One of nine siblings, Nimco Isack was born in Nashville to Somali immigrants who came to this country in 1996.

Her family moved to Portland in 2002 and she followed her older sister Maryan into the city’s public schools.

“I was inspired by her,” Isack said. “I was able to see how she was connecting with people at school and in the community. I wanted to be like her.”

Isack has since flourished on her own, becoming an academic leader and role model at Deering High School, where last fall she co-founded the Black Student Union with two friends.

“With all the black students at Deering, I couldn’t believe there was no Black Student Union and there was no unity among the black students,” Isack said.

About 20 to 30 students joined the union initially, attending meetings and holding discussions on topics ranging from facing family expectations to dealing with mental health concerns. The union also addressed diversity issues at the high school, where “it doesn’t always feel so inclusive,” Isack said.


Isack’s senior project called for the “decolonization” of Deering’s history and English curricula and recommended changes that would broaden regular studies beyond traditionally white, mostly male accomplishments. She met with department heads and they seemed open to the idea, Isack said.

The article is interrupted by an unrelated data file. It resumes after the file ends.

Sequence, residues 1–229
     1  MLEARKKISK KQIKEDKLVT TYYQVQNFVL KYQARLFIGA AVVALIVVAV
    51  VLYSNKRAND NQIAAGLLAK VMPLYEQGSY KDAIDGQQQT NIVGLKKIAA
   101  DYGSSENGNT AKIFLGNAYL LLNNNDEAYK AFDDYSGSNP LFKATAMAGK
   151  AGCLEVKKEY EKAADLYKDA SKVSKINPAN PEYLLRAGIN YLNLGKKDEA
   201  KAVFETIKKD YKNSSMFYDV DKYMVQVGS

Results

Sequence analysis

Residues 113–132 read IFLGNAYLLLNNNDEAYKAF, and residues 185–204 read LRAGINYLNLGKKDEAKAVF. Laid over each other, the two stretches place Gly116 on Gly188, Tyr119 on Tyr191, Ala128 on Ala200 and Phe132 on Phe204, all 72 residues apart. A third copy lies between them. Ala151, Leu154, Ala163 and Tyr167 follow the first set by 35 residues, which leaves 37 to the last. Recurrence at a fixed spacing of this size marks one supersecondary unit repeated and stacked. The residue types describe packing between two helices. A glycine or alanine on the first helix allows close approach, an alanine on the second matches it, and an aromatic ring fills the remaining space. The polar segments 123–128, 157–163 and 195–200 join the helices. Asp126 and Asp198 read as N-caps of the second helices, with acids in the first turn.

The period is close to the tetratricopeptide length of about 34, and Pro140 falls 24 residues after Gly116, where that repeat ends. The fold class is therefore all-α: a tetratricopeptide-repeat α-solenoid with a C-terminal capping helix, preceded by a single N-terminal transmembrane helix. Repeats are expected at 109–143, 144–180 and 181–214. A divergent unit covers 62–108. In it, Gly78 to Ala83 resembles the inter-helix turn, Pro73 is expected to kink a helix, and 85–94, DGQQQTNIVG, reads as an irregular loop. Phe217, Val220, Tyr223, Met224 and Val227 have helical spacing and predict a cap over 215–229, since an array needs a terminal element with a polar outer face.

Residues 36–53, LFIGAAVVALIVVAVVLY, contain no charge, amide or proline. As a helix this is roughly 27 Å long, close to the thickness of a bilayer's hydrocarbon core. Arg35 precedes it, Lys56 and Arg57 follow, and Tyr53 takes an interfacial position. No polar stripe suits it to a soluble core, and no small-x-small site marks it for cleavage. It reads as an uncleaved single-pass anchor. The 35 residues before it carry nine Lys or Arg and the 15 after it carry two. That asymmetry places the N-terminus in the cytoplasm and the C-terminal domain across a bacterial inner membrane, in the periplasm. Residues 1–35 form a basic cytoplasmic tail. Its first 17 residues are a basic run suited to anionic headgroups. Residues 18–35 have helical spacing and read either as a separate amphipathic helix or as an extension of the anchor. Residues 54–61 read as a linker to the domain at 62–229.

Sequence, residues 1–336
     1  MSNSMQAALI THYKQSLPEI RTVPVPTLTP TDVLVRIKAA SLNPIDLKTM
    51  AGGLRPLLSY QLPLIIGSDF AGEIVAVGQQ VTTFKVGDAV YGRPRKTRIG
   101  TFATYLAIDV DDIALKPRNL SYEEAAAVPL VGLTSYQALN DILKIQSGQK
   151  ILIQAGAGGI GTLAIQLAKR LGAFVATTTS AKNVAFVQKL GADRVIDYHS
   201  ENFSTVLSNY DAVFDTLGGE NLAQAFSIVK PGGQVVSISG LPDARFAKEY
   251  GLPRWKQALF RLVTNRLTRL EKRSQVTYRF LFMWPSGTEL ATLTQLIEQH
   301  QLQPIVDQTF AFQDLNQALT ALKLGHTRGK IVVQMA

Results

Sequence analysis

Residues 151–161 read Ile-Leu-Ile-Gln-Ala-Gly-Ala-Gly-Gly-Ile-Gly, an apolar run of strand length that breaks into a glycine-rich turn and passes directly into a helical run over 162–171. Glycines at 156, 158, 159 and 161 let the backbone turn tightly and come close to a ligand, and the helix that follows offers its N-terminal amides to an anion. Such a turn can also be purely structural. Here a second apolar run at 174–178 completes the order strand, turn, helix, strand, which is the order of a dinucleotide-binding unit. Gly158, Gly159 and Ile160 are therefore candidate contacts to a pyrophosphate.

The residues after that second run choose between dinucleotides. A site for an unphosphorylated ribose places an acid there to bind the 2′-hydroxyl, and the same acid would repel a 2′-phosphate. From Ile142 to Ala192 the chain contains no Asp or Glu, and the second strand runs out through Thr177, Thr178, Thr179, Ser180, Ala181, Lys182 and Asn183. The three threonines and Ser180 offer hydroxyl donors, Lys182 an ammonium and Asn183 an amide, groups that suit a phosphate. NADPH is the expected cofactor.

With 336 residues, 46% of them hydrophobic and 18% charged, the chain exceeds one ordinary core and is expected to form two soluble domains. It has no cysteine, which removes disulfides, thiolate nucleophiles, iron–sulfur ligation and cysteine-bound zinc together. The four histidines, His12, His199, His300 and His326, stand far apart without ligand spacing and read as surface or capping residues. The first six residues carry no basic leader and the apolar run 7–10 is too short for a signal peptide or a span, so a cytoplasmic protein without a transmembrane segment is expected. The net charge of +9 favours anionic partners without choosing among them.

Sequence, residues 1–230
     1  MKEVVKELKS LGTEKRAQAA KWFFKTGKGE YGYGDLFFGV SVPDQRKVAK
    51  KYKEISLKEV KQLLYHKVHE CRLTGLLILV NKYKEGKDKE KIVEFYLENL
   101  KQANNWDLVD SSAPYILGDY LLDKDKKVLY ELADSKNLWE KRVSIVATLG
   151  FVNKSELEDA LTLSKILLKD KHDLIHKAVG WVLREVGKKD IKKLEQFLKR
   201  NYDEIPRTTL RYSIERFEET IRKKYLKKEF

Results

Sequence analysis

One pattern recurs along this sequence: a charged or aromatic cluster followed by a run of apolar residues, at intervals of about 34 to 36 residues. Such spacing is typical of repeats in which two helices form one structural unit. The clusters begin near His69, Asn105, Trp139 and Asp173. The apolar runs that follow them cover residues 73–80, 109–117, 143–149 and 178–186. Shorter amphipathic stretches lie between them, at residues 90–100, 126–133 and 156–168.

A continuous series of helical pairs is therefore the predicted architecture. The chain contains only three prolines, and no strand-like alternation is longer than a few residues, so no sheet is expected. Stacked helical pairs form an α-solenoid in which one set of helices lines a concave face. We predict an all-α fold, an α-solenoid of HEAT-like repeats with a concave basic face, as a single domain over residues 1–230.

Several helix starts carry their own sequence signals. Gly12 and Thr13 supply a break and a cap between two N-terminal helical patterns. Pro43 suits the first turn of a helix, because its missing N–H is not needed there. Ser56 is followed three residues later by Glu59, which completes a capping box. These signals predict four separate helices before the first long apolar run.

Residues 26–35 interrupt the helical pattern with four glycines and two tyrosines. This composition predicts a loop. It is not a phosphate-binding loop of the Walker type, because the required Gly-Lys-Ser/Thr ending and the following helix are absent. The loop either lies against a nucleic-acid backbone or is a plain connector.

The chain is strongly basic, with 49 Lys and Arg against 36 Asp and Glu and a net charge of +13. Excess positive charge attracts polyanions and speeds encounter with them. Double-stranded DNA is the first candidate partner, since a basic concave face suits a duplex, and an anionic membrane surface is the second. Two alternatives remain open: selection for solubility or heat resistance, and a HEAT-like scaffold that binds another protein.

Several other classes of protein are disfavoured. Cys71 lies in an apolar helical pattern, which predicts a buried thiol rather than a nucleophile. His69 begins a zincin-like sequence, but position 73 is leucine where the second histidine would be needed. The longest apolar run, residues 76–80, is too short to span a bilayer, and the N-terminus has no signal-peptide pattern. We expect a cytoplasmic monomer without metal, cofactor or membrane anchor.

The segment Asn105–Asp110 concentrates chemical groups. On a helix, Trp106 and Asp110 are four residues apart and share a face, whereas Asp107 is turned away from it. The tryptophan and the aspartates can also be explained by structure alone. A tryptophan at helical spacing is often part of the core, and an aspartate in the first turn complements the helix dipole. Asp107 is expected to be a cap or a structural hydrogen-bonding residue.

“For many years I had to independently learn about the history of Somali people, Native Americans and other minority groups,” Isack said. “Black History Month isn’t enough. We’re not asking to be dominant, but we want to be included.”

In addition to taking honors and Advanced Placement courses, Isack participated for three years in the Seeds of Peace program to promote social, economic and political changes. She also worked part time at The Cedars retirement community and completed a TeachPortland internship working with young children. She plans to study secondary education at Colby College.

“If I want change to happen, I might as well help make it happen myself,” Isack said. “I’ve had some amazing teachers. How amazing would it be to be someone like that in someone else’s life?”

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